Brad Beckstrom, senior director for community and government for Mount Sinai, speaks at a meeting held by Community Boards 3 and 6 about the plans for a new Mount Sinai Beth Israel facility. (Photo by Maria Rocha-Buschel)

By Maria Rocha-Buschel

Following the news that Mount Sinai would be moving and downsizing Beth Israel, reps from the hospital network met with neighborhood residents to insist that simply renovating the First Avenue hospital was not an option.

Mount Sinai Beth Israel met with Community Boards 3 and 6 earlier this month to share details on the plan to relocate most of the campus on First Avenue to a much smaller facility at East 14th Street and Second Avenue, adjacent to the New York Eye and Ear Infirmary.

Brad Korn, director for community and government affairs at Mount Sinai, along with Brad Beckstrom, senior director for community and government affairs at the company, told committee members and residents of the community that the main reason for the downsizing is the advanced age of the facility on First Avenue at East 16th Street.

“This is an aging, outmoded infrastructure,” Beckstrom said. “We get the question, ‘is it possible to renovate?’ But it would cost $1.3 billion and would take many years.”

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Beth Israel will no longer offer cardiac surgery

Mount Sinai Beth Israel (Photo by Maria Rocha-Buschel)

Mount Sinai Beth Israel (Photo by Maria Rocha-Buschel)

By Sabina Mollot

Following the official news of Beth Israel’s downsizing to a 70-bed facility, a nurse who’s worked at Beth Israel for many years called Town & Village to say the hospital will be losing its cardiac surgery department.

She said it was right before the Memorial Day weekend when she and others were told that the cardiac surgery department would be moved offsite to St. Luke’s. This follows other department downsizings, like neonatal and pediatrics.

While some heart cardiac services would remain, patients needing actual surgery would have to be taken to the facility on Amsterdam and 114th Street, she said.

“That’s 100 blocks,” said the nurse. “Have you ever driven in New York City?”

The employee, who asked to remain anonymous, added that she thought this was unsafe for patients, noting that sometimes, after being given a stent, patients will require immediate surgery.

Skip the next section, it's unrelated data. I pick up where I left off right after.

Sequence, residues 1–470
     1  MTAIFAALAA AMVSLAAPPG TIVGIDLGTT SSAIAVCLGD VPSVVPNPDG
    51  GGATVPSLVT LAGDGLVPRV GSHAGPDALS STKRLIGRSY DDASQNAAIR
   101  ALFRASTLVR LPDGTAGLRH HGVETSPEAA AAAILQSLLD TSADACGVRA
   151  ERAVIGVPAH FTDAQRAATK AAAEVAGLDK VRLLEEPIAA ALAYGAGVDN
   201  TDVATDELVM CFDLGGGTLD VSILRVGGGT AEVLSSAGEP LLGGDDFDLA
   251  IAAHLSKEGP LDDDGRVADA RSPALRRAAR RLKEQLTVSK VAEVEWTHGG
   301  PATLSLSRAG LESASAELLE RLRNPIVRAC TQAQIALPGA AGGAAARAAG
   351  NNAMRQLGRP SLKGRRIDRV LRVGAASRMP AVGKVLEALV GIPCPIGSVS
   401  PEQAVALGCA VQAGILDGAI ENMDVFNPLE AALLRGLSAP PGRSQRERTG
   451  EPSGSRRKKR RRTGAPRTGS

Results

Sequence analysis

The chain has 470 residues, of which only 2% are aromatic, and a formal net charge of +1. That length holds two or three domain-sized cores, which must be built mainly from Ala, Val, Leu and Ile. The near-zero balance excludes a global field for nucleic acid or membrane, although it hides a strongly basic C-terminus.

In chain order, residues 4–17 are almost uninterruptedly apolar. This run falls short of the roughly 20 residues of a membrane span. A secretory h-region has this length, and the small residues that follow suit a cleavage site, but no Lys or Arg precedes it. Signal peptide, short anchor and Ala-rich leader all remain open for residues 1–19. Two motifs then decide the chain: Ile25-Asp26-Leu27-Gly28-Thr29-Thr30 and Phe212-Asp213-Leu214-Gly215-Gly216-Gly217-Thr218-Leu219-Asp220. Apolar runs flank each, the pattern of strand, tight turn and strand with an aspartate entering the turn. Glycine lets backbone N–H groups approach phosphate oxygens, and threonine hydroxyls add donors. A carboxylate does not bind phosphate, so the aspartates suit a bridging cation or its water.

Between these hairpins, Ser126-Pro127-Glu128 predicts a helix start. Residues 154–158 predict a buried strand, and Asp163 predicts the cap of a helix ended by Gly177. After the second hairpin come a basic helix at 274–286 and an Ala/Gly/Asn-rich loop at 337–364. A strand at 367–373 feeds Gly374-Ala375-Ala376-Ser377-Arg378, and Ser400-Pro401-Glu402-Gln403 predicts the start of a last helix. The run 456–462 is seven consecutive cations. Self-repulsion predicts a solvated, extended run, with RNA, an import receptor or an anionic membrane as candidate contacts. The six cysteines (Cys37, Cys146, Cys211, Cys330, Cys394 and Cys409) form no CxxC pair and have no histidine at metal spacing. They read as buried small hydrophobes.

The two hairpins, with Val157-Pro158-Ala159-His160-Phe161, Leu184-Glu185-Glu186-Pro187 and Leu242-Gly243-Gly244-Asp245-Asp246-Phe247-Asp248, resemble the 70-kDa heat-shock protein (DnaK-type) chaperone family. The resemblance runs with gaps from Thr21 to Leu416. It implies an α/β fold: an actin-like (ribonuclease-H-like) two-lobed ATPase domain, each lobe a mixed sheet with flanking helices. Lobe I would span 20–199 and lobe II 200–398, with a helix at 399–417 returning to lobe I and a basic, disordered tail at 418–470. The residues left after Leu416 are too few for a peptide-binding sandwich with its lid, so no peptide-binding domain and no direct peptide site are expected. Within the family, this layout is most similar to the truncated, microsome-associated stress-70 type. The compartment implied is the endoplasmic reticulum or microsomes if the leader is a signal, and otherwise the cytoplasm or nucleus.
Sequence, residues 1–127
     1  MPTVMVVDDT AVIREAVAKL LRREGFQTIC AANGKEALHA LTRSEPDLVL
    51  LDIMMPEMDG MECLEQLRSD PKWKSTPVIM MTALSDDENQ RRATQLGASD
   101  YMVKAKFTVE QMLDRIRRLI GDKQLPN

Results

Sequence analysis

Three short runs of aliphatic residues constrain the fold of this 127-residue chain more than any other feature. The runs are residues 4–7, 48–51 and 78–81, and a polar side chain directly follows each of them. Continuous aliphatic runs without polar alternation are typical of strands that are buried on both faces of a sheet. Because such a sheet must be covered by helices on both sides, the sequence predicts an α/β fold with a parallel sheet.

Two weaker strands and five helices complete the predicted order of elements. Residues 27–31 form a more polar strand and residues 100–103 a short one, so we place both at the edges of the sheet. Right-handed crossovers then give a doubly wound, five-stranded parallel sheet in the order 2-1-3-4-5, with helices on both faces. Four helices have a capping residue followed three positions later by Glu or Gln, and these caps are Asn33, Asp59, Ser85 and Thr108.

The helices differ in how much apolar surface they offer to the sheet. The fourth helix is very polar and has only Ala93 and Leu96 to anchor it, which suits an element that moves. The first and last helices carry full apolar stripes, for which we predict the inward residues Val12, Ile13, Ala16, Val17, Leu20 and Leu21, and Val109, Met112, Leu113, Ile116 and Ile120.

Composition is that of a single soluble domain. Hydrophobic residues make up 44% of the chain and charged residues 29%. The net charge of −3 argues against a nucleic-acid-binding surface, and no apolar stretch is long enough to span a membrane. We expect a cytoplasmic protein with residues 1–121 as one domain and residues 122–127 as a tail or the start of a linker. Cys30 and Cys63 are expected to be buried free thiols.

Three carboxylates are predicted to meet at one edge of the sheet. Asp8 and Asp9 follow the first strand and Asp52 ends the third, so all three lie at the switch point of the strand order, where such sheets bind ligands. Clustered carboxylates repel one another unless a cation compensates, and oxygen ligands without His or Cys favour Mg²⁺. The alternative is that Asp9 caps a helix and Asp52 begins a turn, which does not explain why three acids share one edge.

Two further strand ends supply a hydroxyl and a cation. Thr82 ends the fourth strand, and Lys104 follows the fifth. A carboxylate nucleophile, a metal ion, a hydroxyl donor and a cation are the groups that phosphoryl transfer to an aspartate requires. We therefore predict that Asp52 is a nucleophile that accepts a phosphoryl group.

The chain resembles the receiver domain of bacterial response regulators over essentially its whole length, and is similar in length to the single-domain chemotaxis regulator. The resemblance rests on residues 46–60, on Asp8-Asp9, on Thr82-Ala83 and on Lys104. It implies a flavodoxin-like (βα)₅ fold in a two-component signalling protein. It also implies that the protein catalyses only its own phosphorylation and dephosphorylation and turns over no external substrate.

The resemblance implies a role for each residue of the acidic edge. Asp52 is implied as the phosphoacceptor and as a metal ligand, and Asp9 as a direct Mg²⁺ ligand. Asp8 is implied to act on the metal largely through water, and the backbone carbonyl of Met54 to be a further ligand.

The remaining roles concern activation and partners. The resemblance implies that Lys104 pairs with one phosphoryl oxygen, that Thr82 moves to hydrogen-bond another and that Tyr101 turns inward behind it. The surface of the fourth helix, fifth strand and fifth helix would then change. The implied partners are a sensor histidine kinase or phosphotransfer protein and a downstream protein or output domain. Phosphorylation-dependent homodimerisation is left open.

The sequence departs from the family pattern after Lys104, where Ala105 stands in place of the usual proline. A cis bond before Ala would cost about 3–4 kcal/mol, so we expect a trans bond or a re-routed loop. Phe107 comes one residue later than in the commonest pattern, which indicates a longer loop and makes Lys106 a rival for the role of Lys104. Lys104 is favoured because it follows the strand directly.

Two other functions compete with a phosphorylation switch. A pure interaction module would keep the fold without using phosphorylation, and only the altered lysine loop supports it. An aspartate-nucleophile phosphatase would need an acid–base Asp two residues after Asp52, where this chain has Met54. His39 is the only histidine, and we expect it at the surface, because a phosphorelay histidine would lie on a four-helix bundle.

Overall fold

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Beth Israel will move to 14th St. in smaller space

Mount Sinai Beth Israel has been in its current location since 1929. (Photo by Maria Rocha-Buschel)

Mount Sinai Beth Israel has been in its current location since 1929. (Photo by Maria Rocha-Buschel)

By Sabina Mollot

On Wednesday, the Mount Sinai Health System confirmed reports that Beth Israel would be downsizing, due to its property’s aging infrastructure and changing needs in the healthcare industry, but also said it was creating a new downtown “network” of facilities that will include a smaller Beth Israel hospital on 14th Street and Second Avenue.

The new facility, which is expected to have a price tag of $250 million, will be adjacent to the Mount Sinai’s New York Eye and Ear Infirmary and the two hospitals will share some infrastructure. Some of that money will go towards “enhanced” services at Eye and Ear. The new hospital will have 70 beds and a “state-of-the art” emergency department. This is a drastic reduction from its current number of beds, which is 856.

In its announcement, Mount Sinai cited a lack of demand for those beds, even after the closure of St. Vincent’s in 2010. In fact, the company said, demand for inpatient beds at its own hospital and others, including Bellevue and NYU Langone, has declined.

“On average, less than sixty percent of the hospital’s licensed beds are occupied and patient volume at the financially troubled hospital has decreased by double digits since 2012,” the hospital said.

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Mt. Sinai says it’s not closing Beth Israel

The hospital says more facilities will be built but hasn’t said if any will be lost. Photo by Maria Rocha-Buschel)

The hospital says more facilities will be built but hasn’t said if any will be lost. (Photo by Maria Rocha-Buschel)

By Sabina Mollot

Following a news report in The Villager last week that the main campus of Mount Sinai Beth Israel would close (leaving some services like the ambulatory care center and the methadone clinics), the hospital, while not outright denying a closure of that facility, insisted that services will continue and, in fact, be enhanced.

Meanwhile, local elected officials have chimed in to say they’d press the Mount Sinai system for some transparency on its plans. This includes Assembly Member Brian Kavanagh who said that even if Mount Sinai is planning a closure, there is a lengthy process the mammoth medical system would have to go through at the state level, so nothing should be considered a done deal.

The Villager story, which cited three (and later four) anonymous nurses, who’d been warned about a looming closure but were instructed to keep their mouths shut, followed a story in Capital New York last fall in which Mount Sinai’s executives only admitted they wanted to downsize.